3. Clean off sawdust and apply tape over injection holes.  The glue came out of the holes a little bit with pretty much all of the injections I did, so having the tape down around the hole helped prevent glue from getting on the floor. 
  4. Mix glue.  I used one of the dowels they provided but I'd highly recommend using something a little longer as glue got all over my hands.  
  5. Pull the glue into the syringe.  This is harder than it looks even though in the kit they say the glue is "thin".  After you pull the glue up into the syringe, make sure to tilt it back a bit and even keep a touch of negative pressure on it to keep the glue from dripping out.  They say you can take the syringe apart and pour the glue in, but this seemed like a recipe for (messy) disaster with only one person doing the injecting.  
  6. Inject away!  I found I had to adjust the height a little bit once I put the needle into the floor to get the fluid to flow out easily.  I think I may have initially pushed a little too far into the rubber which prevented the glue from leaving the syringe.  VERY IMPORTANT: if the location of your injection site doesn't allow the glue to flow freely out of the syringe - could be a few things like floor glue blocking it, etc. - the glue could either a) come out of the injection hole or b) comes up through the cracks in the boards.  I played around with doing injections on seams that were really tight as opposed to more open and found that I had the same issues with glue flowing out through seams in both instances.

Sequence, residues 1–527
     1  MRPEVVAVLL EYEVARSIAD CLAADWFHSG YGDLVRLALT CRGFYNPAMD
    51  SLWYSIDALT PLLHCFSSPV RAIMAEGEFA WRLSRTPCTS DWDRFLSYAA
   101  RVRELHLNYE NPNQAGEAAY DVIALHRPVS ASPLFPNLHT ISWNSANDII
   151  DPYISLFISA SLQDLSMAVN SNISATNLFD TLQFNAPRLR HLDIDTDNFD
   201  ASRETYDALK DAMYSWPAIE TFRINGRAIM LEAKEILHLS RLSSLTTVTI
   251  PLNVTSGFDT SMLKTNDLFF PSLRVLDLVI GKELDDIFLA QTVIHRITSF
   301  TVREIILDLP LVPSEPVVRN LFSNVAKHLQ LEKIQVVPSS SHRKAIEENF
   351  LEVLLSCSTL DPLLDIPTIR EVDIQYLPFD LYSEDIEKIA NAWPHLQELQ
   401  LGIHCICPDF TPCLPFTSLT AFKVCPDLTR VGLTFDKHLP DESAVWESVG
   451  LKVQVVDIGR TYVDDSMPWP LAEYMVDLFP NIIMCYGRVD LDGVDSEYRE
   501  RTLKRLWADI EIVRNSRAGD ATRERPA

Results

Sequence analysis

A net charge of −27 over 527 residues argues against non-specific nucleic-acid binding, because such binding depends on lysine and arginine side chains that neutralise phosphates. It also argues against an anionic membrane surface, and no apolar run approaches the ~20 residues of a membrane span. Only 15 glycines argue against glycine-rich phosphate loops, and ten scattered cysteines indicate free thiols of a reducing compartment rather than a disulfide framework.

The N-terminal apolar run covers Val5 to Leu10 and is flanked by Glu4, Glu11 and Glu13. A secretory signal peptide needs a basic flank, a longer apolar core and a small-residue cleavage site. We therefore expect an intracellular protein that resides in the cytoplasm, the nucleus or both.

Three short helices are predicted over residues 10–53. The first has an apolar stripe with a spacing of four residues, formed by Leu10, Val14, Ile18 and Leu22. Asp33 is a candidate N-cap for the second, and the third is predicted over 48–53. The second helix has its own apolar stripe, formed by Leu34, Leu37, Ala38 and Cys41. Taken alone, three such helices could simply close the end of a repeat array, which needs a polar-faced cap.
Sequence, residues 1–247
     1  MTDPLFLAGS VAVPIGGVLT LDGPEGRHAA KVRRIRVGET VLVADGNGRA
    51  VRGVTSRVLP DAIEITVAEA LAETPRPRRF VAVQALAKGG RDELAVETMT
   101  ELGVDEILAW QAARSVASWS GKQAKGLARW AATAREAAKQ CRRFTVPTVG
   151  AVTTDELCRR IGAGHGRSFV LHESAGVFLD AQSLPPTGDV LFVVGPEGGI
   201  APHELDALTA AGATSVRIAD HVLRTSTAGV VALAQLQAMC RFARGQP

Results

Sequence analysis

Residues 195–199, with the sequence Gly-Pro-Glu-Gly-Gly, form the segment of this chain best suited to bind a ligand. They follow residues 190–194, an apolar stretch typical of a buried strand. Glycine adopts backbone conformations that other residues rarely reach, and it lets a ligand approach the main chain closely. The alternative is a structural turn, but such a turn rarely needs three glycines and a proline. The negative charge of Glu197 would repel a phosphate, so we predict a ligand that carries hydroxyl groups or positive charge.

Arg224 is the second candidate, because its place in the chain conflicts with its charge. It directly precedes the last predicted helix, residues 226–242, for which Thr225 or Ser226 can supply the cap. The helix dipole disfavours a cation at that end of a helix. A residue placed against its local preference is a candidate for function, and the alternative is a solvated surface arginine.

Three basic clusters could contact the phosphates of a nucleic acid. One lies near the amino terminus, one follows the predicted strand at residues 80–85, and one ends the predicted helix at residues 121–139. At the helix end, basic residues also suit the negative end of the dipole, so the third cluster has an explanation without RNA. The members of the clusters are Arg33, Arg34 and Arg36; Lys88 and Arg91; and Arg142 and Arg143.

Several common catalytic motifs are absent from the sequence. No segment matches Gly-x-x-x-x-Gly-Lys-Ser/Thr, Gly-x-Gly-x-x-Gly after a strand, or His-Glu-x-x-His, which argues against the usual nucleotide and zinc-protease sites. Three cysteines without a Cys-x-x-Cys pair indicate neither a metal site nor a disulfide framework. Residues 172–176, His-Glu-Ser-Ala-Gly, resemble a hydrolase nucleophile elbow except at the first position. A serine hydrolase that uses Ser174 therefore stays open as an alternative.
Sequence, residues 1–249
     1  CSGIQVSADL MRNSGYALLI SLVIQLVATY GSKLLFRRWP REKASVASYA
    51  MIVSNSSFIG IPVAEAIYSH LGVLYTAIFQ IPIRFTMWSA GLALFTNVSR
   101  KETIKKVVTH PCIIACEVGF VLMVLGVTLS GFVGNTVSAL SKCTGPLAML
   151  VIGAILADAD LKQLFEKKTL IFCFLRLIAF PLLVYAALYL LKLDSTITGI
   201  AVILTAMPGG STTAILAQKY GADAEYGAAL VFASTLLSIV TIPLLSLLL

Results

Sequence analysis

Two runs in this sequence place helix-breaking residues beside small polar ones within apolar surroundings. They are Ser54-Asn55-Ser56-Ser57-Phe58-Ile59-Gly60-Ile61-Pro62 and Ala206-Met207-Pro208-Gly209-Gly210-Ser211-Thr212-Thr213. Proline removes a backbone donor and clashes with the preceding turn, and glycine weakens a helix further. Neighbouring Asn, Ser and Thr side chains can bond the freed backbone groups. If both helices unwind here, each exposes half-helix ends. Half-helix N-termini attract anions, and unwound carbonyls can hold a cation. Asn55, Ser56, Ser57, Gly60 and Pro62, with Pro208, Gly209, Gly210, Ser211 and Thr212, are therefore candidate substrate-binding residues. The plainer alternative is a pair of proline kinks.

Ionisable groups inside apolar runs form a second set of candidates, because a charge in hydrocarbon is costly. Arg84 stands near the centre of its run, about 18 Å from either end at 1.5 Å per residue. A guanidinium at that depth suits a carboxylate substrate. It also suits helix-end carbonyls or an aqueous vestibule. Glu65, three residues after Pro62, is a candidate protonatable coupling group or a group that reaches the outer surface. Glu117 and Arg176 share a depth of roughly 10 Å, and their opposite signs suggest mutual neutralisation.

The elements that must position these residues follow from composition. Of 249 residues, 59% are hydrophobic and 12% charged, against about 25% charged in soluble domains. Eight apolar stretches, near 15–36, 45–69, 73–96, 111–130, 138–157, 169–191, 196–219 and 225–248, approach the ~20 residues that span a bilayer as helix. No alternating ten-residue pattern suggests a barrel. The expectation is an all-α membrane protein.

7. Remove tape and clean excess glue.  I'd recommend doing this immediately after doing the injections as cured glue can be challenging to clean off of wood floors.
  8. Whittle down dowels and insert in injection holes.  You'll need a sharp utility knife handy to whittle these down as they're intentionally oversized and won't fit the holes.  They provide a metal sink with the kit so that you can tap the dowels into the holes.
  9. Apply filler.  Make sure it's pre-finished and similar color to the floor.  You'll never get an exact match so pretty close is okay.